BACKGROUND: Gestational diabetes with onset or first recognition during pregnancy is an increasing problem worldwide. Myo-inositol, an isomer of inositol, is a naturally occurring sugar commonly found in cereals, corn, legumes and meat. Myo-inositol is one of the intracellular mediators of the insulin signal and correlates with insulin sensitivity in type 2 diabetes. The potential beneficial effect of improving insulin sensitivity suggests that myo-inositol may be useful for women in preventing gestational diabetes. This is an update of a review first published in 2015.
OBJECTIVES: To assess if antenatal dietary supplementation with myo-inositol is safe and effective, for the mother and fetus, in preventing gestational diabetes.
SEARCH METHODS: We searched the Cochrane Pregnancy and Childbirth's Trials Register, ClinicalTrials.gov, WHO ICTRP (17 March 2022) and the reference lists of retrieved studies.
SELECTION CRITERIA: We included published and unpublished randomised controlled trials (RCTs) including cluster-RCTs and conference abstracts, assessing the effects of myo-inositol for the prevention of gestational diabetes in pregnant women. We included studies that compared any dose of myo-inositol, alone or in a combination preparation, with no treatment, placebo or another intervention. Quasi-randomised and cross-over trials were not eligible. We excluded women with pre-existing type 1 or type 2 diabetes.
DATA COLLECTION AND ANALYSIS: Two review authors independently assessed studies for inclusion, assessed risk of bias and extracted the data. We checked the data for accuracy. We assessed the certainty of the evidence using the GRADE approach.
MAIN RESULTS: We included seven RCTs (one conducted in Ireland, six conducted in Italy) reporting on 1319 women who were 10 weeks to 24 weeks pregnant at the start of the studies. The studies had relatively small sample sizes and the overall risk of bias was low. For the primary maternal outcomes, meta-analysis showed that myo-inositol may reduce the incidence of gestational diabetes (risk ratio (RR) 0.53, 95% confidence interval (CI) 0.31 to 0.90; 6 studies, 1140 women) and hypertensive disorders of pregnancy (RR 0.34, 95% CI 0.19 to 0.61; 5 studies, 1052 women). However, the certainty of the evidence was low to very low. For the primary neonatal outcomes, only one study measured the risk of a large-for-gestational-age infant and found myo-inositol was associated with both appreciable benefit and harm (RR 1.40, 95% CI 0.65 to 3.02; 1 study, 234 infants; low-certainty evidence). None of the included studies reported on the other primary neonatal outcomes (perinatal mortality, mortality or morbidity composite). For the secondary maternal outcomes, we are unclear about the effect of myo-inositol on weight gain during pregnancy (mean difference (MD) -0.25 kilogram (kg), 95% CI -1.26 to 0.75 kg; 4 studies, 831 women) and perineal trauma (RR 4.0, 95% CI 0.45 to 35.25; 1 study, 234 women) because the evidence was assessed as being very low-certainty. Further, myo-inositol may result in little to no difference in caesarean section (RR 0.91, 95% CI 0.77 to 1.07; 4 studies, 829 women; low-certainty evidence). None of the included studies reported on the other secondary maternal outcomes (postnatal depression and the development of subsequent type 2 diabetes mellitus). For the secondary neonatal outcomes, meta-analysis showed no neonatal hypoglycaemia (RR 3.07, 95% CI 0.90 to 10.52; 4 studies; 671 infants; very low-certainty evidence). However, myo-inositol may be associated with a reduction in the incidence of preterm birth (RR 0.35, 95% CI 0.17 to 0.70; 4 studies; 829 infants). There were insufficient data for a number of maternal and neonatal secondary outcomes, and no data were reported for any of the long-term childhood or adulthood outcomes, or for health service utilisation outcomes.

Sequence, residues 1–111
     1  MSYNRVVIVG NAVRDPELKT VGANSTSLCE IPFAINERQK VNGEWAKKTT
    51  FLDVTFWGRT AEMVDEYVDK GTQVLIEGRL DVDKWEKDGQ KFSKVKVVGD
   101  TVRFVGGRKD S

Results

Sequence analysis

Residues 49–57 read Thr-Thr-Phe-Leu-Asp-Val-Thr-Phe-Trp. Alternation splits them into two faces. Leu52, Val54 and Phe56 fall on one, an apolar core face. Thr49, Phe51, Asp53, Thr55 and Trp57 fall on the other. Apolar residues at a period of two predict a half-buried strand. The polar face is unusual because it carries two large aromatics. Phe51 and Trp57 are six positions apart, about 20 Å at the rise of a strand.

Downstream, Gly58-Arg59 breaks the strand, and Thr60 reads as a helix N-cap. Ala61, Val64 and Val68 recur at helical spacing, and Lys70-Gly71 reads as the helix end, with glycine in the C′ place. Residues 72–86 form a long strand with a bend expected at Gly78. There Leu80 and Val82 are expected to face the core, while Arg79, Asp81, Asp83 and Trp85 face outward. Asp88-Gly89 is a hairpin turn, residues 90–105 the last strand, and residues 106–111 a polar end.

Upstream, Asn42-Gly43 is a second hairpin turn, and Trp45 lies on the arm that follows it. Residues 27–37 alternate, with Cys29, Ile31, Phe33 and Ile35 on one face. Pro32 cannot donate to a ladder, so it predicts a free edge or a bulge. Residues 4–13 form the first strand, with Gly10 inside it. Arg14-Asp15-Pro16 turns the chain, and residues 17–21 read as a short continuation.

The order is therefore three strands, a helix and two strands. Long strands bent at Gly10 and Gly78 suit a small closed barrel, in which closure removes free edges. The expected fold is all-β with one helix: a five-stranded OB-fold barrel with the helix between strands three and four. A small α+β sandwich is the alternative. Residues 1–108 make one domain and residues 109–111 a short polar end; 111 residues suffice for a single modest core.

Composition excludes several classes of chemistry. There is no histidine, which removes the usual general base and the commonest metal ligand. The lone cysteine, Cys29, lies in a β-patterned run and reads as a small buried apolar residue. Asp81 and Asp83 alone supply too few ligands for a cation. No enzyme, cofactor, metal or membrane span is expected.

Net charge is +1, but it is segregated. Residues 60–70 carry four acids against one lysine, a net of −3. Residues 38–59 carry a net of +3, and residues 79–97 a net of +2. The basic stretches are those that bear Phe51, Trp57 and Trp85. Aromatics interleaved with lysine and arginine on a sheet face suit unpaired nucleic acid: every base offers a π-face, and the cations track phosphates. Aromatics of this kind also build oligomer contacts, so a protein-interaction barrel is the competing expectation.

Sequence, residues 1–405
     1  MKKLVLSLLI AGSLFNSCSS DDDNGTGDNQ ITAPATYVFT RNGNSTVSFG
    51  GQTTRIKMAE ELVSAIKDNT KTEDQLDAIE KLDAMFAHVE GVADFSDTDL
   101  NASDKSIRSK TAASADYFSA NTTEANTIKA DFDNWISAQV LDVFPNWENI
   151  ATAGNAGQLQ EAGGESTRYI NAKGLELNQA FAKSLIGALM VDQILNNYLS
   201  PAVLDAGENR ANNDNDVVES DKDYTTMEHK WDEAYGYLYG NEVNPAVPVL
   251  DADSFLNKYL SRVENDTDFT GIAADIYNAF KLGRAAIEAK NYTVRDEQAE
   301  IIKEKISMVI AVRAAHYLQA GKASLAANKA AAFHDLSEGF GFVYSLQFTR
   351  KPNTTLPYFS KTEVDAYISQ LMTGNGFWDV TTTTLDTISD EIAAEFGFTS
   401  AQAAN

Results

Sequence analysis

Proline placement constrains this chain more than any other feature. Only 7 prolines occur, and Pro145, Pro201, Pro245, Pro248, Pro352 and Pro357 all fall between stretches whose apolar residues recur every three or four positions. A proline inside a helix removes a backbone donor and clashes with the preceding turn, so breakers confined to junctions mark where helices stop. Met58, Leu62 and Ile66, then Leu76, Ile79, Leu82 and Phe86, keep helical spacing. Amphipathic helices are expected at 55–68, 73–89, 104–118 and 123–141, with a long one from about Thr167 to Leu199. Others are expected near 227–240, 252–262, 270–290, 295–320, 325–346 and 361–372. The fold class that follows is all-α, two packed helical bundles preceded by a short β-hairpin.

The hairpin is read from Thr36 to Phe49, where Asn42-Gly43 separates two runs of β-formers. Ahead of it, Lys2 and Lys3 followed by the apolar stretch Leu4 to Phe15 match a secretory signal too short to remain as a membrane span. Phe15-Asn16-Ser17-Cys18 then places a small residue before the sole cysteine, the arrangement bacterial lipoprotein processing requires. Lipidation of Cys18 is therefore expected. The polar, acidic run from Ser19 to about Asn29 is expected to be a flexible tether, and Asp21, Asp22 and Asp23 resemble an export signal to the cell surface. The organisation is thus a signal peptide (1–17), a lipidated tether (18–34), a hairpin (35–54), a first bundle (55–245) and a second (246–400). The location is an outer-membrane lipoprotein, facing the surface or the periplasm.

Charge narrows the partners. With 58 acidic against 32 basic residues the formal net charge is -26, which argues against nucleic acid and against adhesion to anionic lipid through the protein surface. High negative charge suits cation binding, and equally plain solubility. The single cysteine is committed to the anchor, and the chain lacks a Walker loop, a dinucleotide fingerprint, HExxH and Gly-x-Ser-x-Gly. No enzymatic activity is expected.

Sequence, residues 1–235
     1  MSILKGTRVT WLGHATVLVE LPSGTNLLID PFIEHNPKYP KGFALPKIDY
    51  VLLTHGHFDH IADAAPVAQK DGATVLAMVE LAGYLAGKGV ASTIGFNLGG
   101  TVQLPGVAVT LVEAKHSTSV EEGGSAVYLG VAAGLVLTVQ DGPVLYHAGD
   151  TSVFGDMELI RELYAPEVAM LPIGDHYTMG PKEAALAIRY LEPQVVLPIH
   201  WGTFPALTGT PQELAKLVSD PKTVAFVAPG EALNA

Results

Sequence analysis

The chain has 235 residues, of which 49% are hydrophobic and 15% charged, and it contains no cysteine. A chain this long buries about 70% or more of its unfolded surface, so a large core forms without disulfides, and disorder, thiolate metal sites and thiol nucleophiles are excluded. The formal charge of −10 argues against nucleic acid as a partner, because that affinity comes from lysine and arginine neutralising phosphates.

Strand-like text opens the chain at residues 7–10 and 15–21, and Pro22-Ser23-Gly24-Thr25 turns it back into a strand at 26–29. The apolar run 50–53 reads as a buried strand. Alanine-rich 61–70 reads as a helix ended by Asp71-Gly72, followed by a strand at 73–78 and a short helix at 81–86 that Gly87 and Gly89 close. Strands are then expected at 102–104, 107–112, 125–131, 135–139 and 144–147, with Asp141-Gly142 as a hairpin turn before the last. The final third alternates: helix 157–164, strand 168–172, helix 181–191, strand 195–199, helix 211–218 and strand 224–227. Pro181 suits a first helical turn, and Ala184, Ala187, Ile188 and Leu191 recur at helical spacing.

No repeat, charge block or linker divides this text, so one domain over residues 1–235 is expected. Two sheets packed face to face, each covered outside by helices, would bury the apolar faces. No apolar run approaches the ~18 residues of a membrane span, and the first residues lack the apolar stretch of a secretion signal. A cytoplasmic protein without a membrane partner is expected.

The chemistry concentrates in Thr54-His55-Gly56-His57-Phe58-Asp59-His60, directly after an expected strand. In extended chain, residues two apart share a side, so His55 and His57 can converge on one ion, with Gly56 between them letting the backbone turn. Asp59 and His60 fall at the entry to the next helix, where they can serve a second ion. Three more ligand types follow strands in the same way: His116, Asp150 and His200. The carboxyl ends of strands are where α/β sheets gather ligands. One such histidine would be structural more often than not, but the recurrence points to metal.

AUTHORS' CONCLUSIONS: Evidence from seven studies shows that antenatal dietary supplementation with myo-inositol during pregnancy may reduce the incidence of gestational diabetes, hypertensive disorders of pregnancy and preterm birth. Limited data suggest that supplementation with myo-inositol may not reduce the risk of a large-for-gestational-age infant. The current evidence is based on small studies that were not powered to detect differences in outcomes such as perinatal mortality and serious infant morbidity. Six of the included studies were conducted in Italy and one in Ireland, which raises concerns about the lack of generalisability to other settings. There is evidence of inconsistency among doses of myo-inositol, the timing of administration and study population. As a result, we downgraded the certainty of the evidence for many outcomes to low or very low certainty. Further studies for this promising antenatal intervention for preventing gestational diabetes are encouraged and should include pregnant women of different ethnicities and varying risk factors. Myo-inositol at different doses, frequency and timing of administration, should be compared with placebo, diet and exercise, and pharmacological interventions. Long-term follow-up should be considered and outcomes should include potential harms, including adverse effects.
Supplements before and during pregnancy such as folic acid and iron have a key role. This Cochrane review shows that antenatal dietary supplementation with myo-inositol during pregnancy may reduce the incidence of gestational diabetes, hypertensive disorders of pregnancy, and preterm birth. These results are promising, but further evidence is mandatory. Some questions are still not answered, such as the optimal dose of myo-inositol, frequency and timing of administration, and which patients may benefit or benefit more from this supplementation.